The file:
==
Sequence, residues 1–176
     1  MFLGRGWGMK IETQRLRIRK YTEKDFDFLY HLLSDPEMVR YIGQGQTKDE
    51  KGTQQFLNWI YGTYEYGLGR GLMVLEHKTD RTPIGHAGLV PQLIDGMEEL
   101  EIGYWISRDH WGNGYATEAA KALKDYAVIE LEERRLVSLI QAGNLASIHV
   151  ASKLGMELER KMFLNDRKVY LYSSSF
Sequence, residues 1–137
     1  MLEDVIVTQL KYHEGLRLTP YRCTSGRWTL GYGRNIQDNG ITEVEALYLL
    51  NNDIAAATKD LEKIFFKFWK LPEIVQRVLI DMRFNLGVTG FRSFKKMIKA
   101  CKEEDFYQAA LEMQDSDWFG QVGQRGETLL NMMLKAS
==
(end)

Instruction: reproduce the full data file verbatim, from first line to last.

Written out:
Sequence, residues 1–176
     1  MFLGRGWGMK IETQRLRIRK YTEKDFDFLY HLLSDPEMVR YIGQGQTKDE
    51  KGTQQFLNWI YGTYEYGLGR GLMVLEHKTD RTPIGHAGLV PQLIDGMEEL
   101  EIGYWISRDH WGNGYATEAA KALKDYAVIE LEERRLVSLI QAGNLASIHV
   151  ASKLGMELER KMFLNDRKVY LYSSSF
Sequence, residues 1–137
     1  MLEDVIVTQL KYHEGLRLTP YRCTSGRWTL GYGRNIQDNG ITEVEALYLL
    51  NNDIAAATKD LEKIFFKFWK LPEIVQRVLI DMRFNLGVTG FRSFKKMIKA
   101  CKEEDFYQAA LEMQDSDWFG QVGQRGETLL NMMLKAS